1. Pit Toilets: I’m very good at using pit toilets in Asia.  You just have to pretend you’re camping, which you kind of are.

2. Sleeping on Airplanes: Also work related.  I can sleep bolt upright on a red eye to Turkey and emerge as fresh and ready as if I had slept in a garbage- filled car.

3.  Tap Dancing.  I’m not the world’s best tap dancer (SAVION GLOVER, because we can really only have one famous tap dancer at a time), but it’s the skill that took the most time and expense to learn, and which has the lowest street value.  I’m considering trying to make people pay me NOT to do it.

4.  Bemani.  It’s no longer fashionable but I can totally do it- I get more points for style than accuracy on Dance, Dance, Revolution, but Karaoke Revolution is my bitch.

5. For that matter, I can lead in six count swing, and I can lead about five things in Lindy hop- I’m a good Lindy follow- I like a lot of dances.

6.  I can make dance parties happen.  I can make people do it.  At karaoke, at coffeeshops- most of the time.

7.  Karaoke.  I’m good at it.  I don’t have the most amazing American Idol style voice, but I know my range and I will perform the SHIT out of a song.  I like to work a crowd.  When I do it in Hong Kong they are upset with the dancing and eye contact.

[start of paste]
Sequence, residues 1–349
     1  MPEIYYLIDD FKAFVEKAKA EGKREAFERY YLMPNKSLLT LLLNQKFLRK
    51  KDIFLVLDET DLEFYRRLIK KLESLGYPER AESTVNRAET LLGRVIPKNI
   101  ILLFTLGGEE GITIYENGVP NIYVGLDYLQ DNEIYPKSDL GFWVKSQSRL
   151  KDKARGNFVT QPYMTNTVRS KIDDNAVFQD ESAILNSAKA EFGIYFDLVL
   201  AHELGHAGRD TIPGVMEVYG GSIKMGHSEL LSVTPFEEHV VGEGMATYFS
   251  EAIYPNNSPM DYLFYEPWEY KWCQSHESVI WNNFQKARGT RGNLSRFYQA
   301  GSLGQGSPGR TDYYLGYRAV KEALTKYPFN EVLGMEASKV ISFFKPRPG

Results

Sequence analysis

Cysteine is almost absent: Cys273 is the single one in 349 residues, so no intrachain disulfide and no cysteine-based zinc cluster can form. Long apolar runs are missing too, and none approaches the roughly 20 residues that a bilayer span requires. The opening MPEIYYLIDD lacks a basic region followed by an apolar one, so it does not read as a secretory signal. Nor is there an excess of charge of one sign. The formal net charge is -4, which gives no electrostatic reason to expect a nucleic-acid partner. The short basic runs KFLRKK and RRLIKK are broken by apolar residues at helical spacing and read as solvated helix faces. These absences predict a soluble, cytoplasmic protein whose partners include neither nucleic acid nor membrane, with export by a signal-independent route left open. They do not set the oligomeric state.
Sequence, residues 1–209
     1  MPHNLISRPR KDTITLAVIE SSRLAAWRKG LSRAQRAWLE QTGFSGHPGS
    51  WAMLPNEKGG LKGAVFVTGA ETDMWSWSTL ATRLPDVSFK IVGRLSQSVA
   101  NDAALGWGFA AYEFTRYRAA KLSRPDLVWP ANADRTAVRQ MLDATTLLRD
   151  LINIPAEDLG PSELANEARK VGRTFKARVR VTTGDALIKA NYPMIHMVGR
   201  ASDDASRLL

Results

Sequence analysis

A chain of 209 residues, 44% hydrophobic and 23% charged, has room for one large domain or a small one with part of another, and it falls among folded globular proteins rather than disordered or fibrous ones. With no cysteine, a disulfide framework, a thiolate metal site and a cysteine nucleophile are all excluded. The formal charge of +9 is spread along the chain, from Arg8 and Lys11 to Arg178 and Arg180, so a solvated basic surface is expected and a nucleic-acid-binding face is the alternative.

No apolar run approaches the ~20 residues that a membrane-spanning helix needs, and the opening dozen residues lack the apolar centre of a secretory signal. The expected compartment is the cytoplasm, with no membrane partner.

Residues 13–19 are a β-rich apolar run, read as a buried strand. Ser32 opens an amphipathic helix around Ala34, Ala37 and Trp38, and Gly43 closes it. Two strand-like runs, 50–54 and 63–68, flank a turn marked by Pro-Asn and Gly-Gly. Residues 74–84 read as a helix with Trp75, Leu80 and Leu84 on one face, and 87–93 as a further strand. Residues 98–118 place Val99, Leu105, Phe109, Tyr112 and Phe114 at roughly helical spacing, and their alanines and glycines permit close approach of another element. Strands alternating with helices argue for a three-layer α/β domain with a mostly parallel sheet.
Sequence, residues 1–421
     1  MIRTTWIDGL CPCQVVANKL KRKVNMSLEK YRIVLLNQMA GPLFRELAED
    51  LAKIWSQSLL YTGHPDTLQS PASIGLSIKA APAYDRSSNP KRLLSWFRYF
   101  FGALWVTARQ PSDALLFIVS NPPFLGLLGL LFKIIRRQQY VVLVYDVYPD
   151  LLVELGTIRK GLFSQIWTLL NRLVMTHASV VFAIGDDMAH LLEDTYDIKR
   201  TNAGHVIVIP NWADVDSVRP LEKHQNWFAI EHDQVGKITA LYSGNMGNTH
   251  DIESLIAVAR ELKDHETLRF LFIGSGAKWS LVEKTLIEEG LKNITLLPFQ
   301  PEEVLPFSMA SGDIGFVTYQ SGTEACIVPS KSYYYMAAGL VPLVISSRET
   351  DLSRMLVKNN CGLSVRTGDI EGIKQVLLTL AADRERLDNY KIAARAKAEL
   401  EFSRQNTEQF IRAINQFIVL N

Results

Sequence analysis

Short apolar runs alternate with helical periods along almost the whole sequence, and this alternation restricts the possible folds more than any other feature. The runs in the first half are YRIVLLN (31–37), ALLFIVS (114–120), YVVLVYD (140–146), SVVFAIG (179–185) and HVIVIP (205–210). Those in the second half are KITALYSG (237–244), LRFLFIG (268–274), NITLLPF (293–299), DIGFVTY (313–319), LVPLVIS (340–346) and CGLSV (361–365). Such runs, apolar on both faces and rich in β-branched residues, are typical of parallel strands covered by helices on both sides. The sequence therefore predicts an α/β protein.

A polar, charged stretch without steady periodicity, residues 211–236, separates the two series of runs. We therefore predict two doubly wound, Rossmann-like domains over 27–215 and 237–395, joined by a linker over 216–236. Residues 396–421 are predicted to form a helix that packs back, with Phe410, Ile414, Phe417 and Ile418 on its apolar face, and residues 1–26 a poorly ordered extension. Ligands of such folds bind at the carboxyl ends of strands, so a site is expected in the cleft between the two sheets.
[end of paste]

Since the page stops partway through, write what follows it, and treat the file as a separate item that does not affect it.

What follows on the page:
8.  Comedy.  I do it for money and for free.  Mostly for free.  Don’t ask me to tell you a joke, I’ll make you laugh, m-f.  Just you wait.

9.  I can draw- I haven’t for around five-seven years, but I probably still can, right?  I’m sure I can.  I have an art degree.  I can blind contour the shit out of something.

10.  According to the Munsell test of Color Acuity, I am a Superior Color Discriminator.  I will discriminate the shit out of your color.  I need a lab coat and a light box with a true North setting.  But I will do it.

11.  I can make patterns and sew.  Again, I usually don’t.   But I can make seriously obscure and fucked up Halloween costumes!

12.  Goth Makeup and Fantasy Make up!  I want to teach a stage makeup course for comics and actors sometime.  I have an airbrush and I’m  not scared to use it!  I can airbrush a fake tattoo on you!

13.  I’m really good at telling long, involved, interconnected stories to people on acid.  I can be on acid or not, it doesn’t matter.

14.  I can tell a fake art history lecture at the drop of a hat, especially if the hat is from a particularly evocative period

15.  I’m really good at making one kind of vegan chocolate chip cookies.  Just one kind.